Wednesday, 4 May 2016

Dementia Awareness - Choosing A Care Home

In a previous life I used to be a psychiatric nurse and worked in a nursing home. I saw at first hand how worrying a diagnosis of dementia can be for the person and family involved. 



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It can be a frightening diagnosis, but there is help, information and advice out there and lots of support if you know where to find it. Here are some facts about dementia from the Alzheimer's Society.



As you can imagine a diagnosis of dementia can be traumatic. Memory becomes impaired, and to the family it can appear like the personality of the loved one becomes lost. The person who is suffering from the diagnosis can become frustrated, confused, embarrassed and even angry with the fact they have problems remembering. At other times they may remember perfectly although in the long term their memory will eventually deteriorate over time. Some people describe it as a 'fog' that takes over their mind.  



In the later stages of the illness the person with dementia may not recognise you at all. To see a loved one like this can be heartbreaking and upsetting. 

For support and help the Alzheimer's Society, is an exceptional organisation, giving practical help and advice and emotional support. The section on memory strategies and how to live with memory problems on their website is extremely useful as well as the section on how to organise financial and legal affairs. Their online forum is excellent, allowing carers and those suffering from dementia to speak about how they live with the illness. Getting advice and being listened to by others in the same situation can be invaluable.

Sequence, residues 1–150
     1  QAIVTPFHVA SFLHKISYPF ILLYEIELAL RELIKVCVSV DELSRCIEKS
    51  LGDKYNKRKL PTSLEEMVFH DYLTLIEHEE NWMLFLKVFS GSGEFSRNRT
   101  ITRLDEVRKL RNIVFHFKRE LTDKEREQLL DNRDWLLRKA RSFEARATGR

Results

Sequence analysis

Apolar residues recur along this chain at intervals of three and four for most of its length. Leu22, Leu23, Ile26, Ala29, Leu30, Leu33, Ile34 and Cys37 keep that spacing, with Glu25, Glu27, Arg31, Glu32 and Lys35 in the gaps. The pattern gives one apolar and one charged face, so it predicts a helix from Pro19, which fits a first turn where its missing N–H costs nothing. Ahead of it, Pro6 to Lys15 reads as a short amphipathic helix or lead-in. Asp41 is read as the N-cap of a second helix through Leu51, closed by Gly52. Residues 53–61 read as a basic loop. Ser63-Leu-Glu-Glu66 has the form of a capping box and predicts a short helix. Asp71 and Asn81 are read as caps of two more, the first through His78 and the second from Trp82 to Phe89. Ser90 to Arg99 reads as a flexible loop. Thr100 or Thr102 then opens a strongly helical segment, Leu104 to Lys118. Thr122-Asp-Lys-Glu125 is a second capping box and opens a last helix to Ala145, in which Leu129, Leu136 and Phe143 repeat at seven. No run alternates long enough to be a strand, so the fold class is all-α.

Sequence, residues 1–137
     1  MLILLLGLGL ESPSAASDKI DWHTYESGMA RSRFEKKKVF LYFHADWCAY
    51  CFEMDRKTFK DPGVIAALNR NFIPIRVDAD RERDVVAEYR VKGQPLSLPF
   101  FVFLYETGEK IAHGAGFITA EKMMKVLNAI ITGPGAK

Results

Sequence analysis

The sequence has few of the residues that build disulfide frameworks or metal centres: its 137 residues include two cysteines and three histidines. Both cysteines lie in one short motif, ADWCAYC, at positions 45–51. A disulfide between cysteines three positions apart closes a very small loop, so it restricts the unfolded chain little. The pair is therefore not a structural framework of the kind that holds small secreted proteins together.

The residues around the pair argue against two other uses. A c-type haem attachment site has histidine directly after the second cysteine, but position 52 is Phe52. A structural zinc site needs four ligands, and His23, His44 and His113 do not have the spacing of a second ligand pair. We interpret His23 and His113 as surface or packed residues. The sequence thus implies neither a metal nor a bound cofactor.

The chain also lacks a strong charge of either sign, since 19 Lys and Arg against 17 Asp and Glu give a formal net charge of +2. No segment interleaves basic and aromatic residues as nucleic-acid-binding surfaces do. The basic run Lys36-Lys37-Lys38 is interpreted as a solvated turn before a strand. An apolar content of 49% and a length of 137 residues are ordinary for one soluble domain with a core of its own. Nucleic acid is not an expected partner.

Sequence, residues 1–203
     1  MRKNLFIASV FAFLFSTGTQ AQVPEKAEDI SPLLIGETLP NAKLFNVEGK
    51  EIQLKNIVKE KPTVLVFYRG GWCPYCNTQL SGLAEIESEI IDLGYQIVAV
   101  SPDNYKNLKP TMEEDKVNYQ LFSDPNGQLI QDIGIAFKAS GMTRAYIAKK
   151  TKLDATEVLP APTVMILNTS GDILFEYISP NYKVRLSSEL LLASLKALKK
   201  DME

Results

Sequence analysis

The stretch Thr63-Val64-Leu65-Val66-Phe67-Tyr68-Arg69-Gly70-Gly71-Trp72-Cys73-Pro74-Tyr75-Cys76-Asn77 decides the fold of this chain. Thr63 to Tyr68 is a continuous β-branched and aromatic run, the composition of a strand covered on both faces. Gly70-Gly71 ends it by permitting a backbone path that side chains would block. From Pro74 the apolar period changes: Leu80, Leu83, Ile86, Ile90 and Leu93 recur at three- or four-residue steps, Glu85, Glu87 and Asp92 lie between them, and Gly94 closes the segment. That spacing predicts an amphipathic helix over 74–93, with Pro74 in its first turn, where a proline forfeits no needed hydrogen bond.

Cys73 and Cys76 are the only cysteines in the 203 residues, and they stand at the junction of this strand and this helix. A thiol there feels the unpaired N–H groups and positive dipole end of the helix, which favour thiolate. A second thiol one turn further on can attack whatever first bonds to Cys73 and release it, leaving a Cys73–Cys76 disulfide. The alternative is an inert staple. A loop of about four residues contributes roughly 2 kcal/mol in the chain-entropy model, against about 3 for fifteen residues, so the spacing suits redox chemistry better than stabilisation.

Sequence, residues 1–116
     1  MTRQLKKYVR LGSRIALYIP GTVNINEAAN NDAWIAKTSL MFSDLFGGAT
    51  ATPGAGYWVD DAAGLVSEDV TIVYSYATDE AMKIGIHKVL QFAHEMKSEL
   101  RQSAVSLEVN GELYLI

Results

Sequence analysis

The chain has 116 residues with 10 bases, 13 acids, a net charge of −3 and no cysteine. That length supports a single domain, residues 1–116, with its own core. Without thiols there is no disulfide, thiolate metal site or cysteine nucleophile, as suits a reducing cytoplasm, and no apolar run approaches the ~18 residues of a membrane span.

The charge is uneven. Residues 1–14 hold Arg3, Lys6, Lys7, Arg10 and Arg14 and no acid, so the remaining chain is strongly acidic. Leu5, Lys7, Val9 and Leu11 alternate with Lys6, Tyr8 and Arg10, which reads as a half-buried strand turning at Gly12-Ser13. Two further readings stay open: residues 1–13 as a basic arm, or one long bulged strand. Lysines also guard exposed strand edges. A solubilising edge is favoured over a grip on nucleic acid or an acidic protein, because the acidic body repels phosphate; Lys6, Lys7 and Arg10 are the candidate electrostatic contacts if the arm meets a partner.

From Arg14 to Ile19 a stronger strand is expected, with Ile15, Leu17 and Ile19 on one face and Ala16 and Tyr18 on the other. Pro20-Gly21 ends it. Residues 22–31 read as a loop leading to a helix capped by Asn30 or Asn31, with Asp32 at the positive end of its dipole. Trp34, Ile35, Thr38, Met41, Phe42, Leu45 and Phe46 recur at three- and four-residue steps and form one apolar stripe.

This year 'Dementia Awareness Week', run by the Alzheimer Society in the UK is on the 15-21 May. It will be a week of activities and events nationwide. From the website above you can download guides and posters and organise or join in fundraising activities. 

Most people with early onset dementia are looked after in the home but when the illness progresses a nursing home can be the most viable option.

Barchester care homes have created a useful guide for choosing a care home for people living with dementia. After working in a nursing home for people suffering from dementia myself, I personally think the guide asks the right questions such as "Is the home stylish, colourful and homely?", "Do the staff have a positive attitude?", and "Are staff sensitive to each person's unique needs, preferences and personal beliefs?".   The environment, staff attitude, and staff training is extremely important and these questions, amongst others highlight this.


A person centred approach is very important to those suffering from dementia as of course every person is an individual and Barchester have highlighted this by asking if staff demonstrate an interest in individual’s life stories and take the time to help people reminisce. Reminiscent therapy is a very valuable therapy to help those with dementia remember the past and use the therapy as a structured life review.

The happiness of the person suffering from dementia is of utmost important to the individual and loved ones, and this guide helps you ask all the right questions to find that perfect care home. If you do download the guide to choosing a dementia care home, let me know what you think.